New ‘inset’ water company wins first major supply contract
Albion Water is celebrating the decision of Shotton Paper to defect from Dwr Cymru, in search of a better value water supply. Ofwat's director general Ian Byatt has now provided Albion, a joint venture between SW Water and Enviro-Logic, with a licence to supply Shotton from May 1st.
Shotton’s managing director Martin Gale says he is “looking for improvements in both price and quality of service within 12 months”.
The pressure is now on for Albion to deliver, following the long-awaited approval of its first large-scale contract. Shotton Paper on Deeside in Clwyd is the UK’s largest pulp and paper mill, using over 250Ml of water every year.
For the time being, Albion Water will buy water in bulk from Dwr Cymru and sell it to Shotton at the same price. However, Dr Jeremy Bryan, managing director of Enviro-Logic, is confident that improvements will soon be made: “Although Shotton is already an extremely efficient water user, our challenge is now to find ways of taking this efficiency further. Possibilities include treating and reusing the mill’s effluent, or developing new resources.”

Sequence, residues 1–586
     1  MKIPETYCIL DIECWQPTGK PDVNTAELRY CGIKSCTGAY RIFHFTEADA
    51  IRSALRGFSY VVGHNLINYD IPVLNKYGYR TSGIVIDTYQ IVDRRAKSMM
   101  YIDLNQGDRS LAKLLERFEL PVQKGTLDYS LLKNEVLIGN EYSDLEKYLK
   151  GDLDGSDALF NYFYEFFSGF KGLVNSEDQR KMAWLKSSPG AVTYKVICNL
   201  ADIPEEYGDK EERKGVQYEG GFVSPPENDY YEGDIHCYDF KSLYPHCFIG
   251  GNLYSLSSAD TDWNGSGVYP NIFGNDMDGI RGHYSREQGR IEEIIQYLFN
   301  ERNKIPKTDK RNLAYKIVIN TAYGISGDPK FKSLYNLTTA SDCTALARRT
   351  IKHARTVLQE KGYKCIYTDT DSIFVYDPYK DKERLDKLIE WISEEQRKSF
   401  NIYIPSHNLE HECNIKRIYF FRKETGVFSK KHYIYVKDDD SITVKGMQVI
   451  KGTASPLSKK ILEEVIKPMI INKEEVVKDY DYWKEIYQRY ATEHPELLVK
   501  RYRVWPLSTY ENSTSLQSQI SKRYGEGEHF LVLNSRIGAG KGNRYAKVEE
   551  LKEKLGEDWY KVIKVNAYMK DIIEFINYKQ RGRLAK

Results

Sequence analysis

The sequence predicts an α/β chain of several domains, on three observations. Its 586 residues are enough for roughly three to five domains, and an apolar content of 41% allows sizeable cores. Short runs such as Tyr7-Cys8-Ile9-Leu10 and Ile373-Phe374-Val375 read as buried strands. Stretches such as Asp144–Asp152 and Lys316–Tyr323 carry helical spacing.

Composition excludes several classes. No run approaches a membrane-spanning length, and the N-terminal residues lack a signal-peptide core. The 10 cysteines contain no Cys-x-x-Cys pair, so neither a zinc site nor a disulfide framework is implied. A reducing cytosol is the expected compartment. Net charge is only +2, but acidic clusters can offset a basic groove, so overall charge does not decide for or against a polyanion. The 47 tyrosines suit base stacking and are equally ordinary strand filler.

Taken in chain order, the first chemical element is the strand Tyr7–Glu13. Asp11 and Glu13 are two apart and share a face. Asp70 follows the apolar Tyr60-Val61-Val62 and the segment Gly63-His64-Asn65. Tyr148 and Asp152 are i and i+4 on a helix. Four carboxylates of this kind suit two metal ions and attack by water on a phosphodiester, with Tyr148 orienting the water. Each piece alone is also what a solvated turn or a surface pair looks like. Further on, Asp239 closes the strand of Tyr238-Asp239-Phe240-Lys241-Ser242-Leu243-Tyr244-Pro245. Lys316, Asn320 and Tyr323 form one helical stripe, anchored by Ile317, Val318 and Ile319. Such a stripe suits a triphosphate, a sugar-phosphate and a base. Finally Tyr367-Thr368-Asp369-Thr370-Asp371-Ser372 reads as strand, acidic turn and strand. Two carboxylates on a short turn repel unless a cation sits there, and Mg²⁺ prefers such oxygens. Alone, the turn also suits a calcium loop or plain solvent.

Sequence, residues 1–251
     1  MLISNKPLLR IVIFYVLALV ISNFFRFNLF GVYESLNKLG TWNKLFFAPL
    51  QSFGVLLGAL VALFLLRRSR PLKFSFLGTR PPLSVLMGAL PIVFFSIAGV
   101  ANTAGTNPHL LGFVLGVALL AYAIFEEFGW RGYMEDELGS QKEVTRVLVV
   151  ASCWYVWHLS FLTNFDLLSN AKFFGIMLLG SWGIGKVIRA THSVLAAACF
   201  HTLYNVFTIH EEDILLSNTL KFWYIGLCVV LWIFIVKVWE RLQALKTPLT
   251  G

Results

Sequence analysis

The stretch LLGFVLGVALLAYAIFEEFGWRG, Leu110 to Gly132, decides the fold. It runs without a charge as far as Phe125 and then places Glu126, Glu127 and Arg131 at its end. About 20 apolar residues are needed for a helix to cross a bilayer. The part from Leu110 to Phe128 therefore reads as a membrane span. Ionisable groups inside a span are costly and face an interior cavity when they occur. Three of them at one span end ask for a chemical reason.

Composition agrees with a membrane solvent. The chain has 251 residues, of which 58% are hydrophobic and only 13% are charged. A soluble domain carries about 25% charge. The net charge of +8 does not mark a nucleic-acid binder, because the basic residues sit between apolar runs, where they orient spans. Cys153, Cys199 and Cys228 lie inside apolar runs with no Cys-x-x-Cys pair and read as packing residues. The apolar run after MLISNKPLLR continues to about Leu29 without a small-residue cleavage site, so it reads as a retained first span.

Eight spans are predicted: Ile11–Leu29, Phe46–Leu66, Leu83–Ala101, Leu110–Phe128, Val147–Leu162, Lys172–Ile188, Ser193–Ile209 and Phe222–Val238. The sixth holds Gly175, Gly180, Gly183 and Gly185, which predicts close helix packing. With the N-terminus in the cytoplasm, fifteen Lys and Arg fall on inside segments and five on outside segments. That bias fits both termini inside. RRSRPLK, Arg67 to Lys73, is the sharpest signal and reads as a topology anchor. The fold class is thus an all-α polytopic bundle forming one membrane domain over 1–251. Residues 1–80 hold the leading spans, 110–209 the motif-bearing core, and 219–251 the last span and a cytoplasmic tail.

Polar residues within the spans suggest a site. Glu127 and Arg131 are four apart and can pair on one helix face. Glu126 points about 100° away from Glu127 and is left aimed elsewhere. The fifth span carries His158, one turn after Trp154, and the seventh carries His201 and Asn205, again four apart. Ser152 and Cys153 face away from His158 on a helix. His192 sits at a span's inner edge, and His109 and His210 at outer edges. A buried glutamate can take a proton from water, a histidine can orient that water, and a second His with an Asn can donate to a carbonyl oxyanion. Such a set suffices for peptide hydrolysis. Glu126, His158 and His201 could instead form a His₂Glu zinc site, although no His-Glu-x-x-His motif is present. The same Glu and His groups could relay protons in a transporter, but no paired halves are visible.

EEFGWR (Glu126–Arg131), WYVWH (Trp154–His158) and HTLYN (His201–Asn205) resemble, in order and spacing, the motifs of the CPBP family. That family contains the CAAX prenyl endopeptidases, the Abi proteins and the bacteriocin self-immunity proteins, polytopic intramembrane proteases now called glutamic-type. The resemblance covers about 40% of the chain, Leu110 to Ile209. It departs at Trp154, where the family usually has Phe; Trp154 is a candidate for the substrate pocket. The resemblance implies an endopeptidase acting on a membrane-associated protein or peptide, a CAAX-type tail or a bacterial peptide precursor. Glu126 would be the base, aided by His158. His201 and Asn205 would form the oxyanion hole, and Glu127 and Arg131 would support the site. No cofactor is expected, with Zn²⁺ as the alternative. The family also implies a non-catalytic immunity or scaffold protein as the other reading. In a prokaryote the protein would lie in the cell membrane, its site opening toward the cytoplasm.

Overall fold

He did not elaborate further, but pointed out that “you certainly don’t need drinking water to make newsprint”, and as Mr Gale said that “water specifications were under examination,” there may be potential to save money by reducing the degree of water treatment if a local source can be tapped.
Earlier in the year, Albion had been tipped to win contracts to provide sewerage services for a number of food and drinks manufacturers in the Midlands, currently served by Severn Trent Water, including Bass Burton Brewers, Walkers Snack Foods in Leicester and Britvic Soft Drinks in Rugby. However, Albion Water is still working to persuade these companies to give the final go-ahead, despite the approval in principle of a licence by Ofwat.
Dr Bryan said: “We have been talking to the water-intensive industries for 4-5 years now, but Shotton is significant as it is the first case where a new water company has effectively been created.”
There is some dispute as to whether such “inset” appointments really represent true competition, especially if the inset appointee remains dependent upon the infrastructure of the previous operator, or regulated as part of an existing water service company by Ofwat.
Private suppliers could pose a more independent threat to the public water utilities – for instance, it is possible to avoid regulation by Ofwat if not linked to an existing plc, simply by applying for a local abstraction licence. So, the question remains; will the established utilities stand by and watch, while entrepreneurs poach significant commercial opportunities?